Following on from the article yesterday regarding the difficulties businesses were facing in getting any of the cash promised by the government, the BBC today reported the government's proposals to revamp the scheme.
It was confirmed by the Treasury that they had received more than 130,000 loan enquiries from firms but fewer than 1,000 had been approved.
Following accusations that lenders were taking advantage of the crisis, Chancellor Rishi Sunak has confirmed he will speak to banks regarding the provision of the government backed loans.
Business Secretary Alok Sharma has said that the changes made to the scheme are to make it easier for firms to access the loans.
The most notable changes are as follows:
> Small businesses were previously only able to apply for the scheme if they had been refused a loan on commercial terms; this requirement has been removed
> Banks will be banned from asking for personal guarantees for loans of less than £250,000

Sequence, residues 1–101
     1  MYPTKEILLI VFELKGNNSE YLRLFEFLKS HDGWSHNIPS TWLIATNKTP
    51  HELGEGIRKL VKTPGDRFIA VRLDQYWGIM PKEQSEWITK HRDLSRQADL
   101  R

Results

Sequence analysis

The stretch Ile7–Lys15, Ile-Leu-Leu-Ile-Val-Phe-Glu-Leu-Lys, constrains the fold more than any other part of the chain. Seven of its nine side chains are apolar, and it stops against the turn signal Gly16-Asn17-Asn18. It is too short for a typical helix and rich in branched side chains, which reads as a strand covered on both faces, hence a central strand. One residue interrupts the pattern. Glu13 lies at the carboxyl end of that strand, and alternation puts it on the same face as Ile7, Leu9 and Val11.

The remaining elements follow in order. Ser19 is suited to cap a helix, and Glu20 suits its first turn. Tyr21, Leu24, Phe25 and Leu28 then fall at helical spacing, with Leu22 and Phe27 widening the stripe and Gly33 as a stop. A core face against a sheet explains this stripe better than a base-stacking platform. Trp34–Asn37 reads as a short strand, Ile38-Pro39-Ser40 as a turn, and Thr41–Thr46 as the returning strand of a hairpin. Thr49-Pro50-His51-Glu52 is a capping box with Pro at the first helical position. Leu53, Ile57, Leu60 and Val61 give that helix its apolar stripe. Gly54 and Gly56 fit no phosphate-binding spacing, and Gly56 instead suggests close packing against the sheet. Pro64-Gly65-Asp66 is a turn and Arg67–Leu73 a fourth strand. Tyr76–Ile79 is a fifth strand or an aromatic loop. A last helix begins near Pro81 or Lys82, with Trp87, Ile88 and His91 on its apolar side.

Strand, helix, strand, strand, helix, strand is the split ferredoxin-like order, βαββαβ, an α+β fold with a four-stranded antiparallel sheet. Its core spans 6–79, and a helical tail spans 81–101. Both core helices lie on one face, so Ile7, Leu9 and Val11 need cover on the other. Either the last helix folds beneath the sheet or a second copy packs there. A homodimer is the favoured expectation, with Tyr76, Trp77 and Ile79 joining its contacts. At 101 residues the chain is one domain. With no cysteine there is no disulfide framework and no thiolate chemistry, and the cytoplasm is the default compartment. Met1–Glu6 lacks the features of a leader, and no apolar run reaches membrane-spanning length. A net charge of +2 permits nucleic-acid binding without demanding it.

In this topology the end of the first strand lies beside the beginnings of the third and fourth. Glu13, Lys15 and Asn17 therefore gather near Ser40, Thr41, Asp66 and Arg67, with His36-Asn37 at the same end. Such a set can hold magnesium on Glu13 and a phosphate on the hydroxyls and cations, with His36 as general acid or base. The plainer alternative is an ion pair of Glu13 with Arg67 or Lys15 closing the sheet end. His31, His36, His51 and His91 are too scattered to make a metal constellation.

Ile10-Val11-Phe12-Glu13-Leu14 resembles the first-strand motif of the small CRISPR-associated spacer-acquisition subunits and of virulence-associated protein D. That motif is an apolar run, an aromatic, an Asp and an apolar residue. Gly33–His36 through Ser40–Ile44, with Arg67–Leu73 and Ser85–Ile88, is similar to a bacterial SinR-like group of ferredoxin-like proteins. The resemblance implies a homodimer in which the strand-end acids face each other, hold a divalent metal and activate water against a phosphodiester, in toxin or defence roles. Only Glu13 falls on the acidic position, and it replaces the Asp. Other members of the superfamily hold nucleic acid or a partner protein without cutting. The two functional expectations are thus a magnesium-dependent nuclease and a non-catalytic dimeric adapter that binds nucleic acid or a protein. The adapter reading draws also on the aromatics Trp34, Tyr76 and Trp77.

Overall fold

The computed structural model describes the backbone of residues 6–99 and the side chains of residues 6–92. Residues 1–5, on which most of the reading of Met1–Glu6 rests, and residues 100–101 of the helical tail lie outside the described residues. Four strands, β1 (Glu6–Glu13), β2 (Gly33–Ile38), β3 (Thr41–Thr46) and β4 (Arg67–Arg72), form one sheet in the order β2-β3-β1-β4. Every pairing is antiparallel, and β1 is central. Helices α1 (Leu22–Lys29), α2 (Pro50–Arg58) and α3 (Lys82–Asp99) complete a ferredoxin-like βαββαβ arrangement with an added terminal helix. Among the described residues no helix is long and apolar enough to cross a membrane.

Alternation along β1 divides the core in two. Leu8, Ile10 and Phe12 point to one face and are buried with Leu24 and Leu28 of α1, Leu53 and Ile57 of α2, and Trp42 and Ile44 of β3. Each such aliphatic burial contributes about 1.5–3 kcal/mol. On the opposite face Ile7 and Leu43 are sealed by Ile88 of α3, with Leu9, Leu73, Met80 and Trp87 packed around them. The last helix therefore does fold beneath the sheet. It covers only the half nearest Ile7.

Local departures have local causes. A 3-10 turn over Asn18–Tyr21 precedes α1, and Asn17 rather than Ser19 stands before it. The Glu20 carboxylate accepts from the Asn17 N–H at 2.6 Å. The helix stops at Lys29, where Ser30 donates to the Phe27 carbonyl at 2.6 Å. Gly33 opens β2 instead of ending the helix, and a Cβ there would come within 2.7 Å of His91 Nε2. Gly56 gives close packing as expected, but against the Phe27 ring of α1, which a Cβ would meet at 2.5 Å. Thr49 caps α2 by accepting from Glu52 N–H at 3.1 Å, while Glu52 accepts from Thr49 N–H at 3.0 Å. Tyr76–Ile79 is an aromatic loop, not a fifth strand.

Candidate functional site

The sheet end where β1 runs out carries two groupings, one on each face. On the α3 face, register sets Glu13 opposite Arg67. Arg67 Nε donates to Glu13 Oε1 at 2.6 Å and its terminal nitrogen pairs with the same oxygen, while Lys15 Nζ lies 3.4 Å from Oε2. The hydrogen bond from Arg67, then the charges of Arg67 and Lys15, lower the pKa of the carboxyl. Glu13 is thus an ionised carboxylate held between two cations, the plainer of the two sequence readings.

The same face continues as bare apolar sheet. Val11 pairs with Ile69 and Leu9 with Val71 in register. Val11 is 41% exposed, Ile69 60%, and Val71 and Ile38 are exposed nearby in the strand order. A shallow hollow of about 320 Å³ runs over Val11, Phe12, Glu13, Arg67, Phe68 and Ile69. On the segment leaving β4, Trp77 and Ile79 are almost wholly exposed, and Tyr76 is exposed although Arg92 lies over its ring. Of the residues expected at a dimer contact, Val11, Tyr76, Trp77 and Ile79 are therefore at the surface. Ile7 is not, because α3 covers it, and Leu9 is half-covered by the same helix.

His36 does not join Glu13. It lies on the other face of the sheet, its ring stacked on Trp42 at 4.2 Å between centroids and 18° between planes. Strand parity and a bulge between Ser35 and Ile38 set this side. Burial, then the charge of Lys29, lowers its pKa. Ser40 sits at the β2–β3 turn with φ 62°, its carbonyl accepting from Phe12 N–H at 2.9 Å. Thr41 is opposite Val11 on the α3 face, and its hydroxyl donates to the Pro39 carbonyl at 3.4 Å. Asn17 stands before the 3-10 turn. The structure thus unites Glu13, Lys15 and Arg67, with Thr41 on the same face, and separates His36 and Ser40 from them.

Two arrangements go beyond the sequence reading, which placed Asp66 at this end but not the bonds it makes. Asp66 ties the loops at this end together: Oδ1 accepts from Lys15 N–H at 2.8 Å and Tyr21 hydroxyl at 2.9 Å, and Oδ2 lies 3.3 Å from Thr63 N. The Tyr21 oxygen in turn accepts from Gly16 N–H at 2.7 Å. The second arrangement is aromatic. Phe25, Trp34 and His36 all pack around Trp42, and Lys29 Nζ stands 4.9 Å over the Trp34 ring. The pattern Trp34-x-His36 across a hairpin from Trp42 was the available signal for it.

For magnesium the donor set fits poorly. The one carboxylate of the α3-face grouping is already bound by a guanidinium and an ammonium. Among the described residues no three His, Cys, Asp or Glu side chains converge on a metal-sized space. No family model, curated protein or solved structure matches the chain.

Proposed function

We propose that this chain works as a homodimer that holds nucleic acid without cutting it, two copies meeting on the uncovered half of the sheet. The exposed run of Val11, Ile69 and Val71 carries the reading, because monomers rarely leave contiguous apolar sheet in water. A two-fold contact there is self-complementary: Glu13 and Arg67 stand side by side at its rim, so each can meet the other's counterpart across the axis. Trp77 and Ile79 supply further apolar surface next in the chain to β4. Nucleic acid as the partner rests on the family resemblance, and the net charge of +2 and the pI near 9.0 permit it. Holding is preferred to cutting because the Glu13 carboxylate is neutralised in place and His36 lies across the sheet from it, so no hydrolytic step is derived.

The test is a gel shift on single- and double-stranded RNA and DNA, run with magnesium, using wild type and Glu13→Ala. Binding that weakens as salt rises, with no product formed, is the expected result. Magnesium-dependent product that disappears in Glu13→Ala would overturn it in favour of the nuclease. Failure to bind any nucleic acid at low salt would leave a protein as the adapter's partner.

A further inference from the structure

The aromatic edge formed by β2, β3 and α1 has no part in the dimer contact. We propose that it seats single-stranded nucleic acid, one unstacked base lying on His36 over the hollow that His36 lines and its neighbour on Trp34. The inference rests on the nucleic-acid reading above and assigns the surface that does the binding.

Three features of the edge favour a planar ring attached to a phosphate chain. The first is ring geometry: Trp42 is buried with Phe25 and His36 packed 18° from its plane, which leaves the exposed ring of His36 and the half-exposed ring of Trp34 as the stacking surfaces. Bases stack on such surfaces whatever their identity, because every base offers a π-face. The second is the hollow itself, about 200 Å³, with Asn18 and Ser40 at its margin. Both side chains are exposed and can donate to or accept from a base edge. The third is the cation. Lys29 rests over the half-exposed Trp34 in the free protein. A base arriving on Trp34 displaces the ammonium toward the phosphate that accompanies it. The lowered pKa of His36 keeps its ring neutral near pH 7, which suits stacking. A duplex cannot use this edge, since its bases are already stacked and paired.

> Loans of up to £25m will be made available to firms with revenues between £45m and £500m
The revamp did not go as far as capping the interest charged by banks for the loans, allowing banks to still charge interest at whatever level they like, even when they are borrowing at close to zero percent. As noted yesterday, whilst the government will pay the interest on the loan for the first 12 months, if the loan is for a longer period, the business will need to ensure that any interest payments can be met. This may not be an attractive option with interest rates as high as 30%.
The new measures have been welcomed and are likely to allow more businesses to get the financial support they need. However, these are still loans and it will be up to each individual business as to whether they are viable, even on these revised terms.